Laboratories, both independent and hospital based, also commonly present ABNs to Medicare beneficiaries when a patient presents with an order for a laboratory test and the diagnosis is not covered based on the National Coverage Determination (NCD) for the test. There are 23 laboratory tests that have NCDs. For example, blood counts are not covered for patients who are asymptomatic or who do not have conditions that could be expected to result in hematological abnormalities. Medicare also covers many tests as part of the preventative care benefit. These often have specific frequency limitations, such as cervical cancer screening with pap tests, which cannot be performed within the 23 months after the last exam in low-risk women with no prior abnormal tests. As noted above, although the test is being ordered by the provider, it is the obligation of the entity performing the test to ensure the ABN is completed properly.
Hospital outpatient departments also perform tests and procedures that are ordered by a provider but which are not performed by the provider, such as cardiac stress testing or radiology imaging studies. For example, Positron Emission Tomography (PET) scans are approved for specific indications as outlined in their respective NCDs. To add to the complexity, some Medicare Administrative Contractors (MACs) have local coverage articles specifying the billing and coding requirements to be met in order for the service to be covered. Prior to performing the service, the provider must ensure that the test is being performed for an approved diagnosis. If not, they must either contact the provider and determine if additional clinical information is available to support the coverage of the test or provide the patient an ABN. If an ABN is provided, the patient should be given the opportunity to contact their provider and discuss the situation, as it is unlikely that the person presenting the ABN at the facility will have the clinical knowledge to adequately explain to the patient why the test is likely not to be covered by Medicare.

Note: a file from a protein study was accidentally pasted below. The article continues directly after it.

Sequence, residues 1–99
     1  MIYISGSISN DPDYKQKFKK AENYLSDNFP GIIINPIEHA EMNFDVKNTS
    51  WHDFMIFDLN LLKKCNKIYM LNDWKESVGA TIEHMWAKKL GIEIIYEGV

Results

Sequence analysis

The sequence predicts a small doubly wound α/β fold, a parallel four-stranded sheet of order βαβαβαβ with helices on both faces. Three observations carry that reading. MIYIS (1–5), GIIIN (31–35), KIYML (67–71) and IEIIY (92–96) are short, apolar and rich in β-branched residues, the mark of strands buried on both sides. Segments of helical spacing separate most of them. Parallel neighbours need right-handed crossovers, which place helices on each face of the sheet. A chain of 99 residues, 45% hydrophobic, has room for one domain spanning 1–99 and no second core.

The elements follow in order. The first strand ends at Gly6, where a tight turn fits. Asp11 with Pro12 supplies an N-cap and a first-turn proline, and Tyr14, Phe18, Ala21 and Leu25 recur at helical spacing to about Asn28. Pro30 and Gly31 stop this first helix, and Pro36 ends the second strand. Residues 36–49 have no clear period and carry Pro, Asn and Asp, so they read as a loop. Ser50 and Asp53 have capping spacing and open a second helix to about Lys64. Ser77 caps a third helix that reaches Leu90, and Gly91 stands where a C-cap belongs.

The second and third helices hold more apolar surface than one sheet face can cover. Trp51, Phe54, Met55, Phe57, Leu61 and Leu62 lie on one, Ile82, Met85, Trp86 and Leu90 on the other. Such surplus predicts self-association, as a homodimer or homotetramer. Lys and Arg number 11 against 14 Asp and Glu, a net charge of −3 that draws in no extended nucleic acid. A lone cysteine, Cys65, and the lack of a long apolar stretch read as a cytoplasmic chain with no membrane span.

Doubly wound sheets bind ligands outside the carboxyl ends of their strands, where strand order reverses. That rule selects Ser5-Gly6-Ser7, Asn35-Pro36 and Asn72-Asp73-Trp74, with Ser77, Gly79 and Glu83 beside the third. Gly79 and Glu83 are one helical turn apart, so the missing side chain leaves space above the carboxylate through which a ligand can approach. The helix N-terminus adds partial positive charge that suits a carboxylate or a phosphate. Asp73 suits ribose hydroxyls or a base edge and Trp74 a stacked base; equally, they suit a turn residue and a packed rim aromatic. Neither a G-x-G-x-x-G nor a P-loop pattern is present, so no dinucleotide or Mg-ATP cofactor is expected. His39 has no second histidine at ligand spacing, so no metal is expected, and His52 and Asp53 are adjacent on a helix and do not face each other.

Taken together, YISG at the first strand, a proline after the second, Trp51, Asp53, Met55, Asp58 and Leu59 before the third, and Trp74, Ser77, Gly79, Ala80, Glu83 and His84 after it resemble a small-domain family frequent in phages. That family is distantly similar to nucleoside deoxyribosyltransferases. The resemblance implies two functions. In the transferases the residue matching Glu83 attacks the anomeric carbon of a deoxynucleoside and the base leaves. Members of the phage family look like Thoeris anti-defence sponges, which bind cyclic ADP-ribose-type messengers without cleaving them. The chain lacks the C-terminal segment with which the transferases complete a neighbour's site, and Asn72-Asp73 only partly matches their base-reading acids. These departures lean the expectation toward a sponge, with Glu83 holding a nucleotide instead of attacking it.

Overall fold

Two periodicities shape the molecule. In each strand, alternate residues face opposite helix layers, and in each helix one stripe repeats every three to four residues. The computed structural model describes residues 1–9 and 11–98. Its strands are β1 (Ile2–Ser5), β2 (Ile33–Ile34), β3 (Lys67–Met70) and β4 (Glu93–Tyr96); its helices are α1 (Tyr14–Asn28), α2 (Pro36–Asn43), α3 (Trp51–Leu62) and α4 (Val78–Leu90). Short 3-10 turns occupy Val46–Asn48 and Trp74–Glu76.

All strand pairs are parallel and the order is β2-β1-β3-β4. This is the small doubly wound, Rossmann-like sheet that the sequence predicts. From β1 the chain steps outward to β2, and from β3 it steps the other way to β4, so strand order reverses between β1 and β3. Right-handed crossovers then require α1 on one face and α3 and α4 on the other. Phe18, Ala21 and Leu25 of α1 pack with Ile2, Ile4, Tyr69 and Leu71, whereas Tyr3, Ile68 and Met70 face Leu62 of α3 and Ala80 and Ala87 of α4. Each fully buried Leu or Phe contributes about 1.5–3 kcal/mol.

Nursing facilities also provide ABNs to patients. They generally do so in two situations. A patient in a Medicare Part A stay whose services are ending because they are no longer medically necessary but who would like to remain in the facility would be given a Skilled Nursing Facility (SNF) ABN. For a patient in a nursing facility under Medicare Part B, an ABN would be given prior to providing any services to the patient that are not medically necessary.
Although infrequent, a hospice organization may provide an ABN to a beneficiary. This would occur if a patient who is not terminally ill requests hospice services (a scenario that is hard to envision), if a hospice patient requests a service that is not medically necessary, or if the hospice patient requests a level of care that is not medically necessary. For example, if a stable hospice patient requested to be admitted to inpatient hospice, an ABN may be provided.
Other providers such as durable medical equipment and therapy providers may also issue ABNs. In the case of therapy providers, the ABN is often triggered when the patient reaches the therapy cap.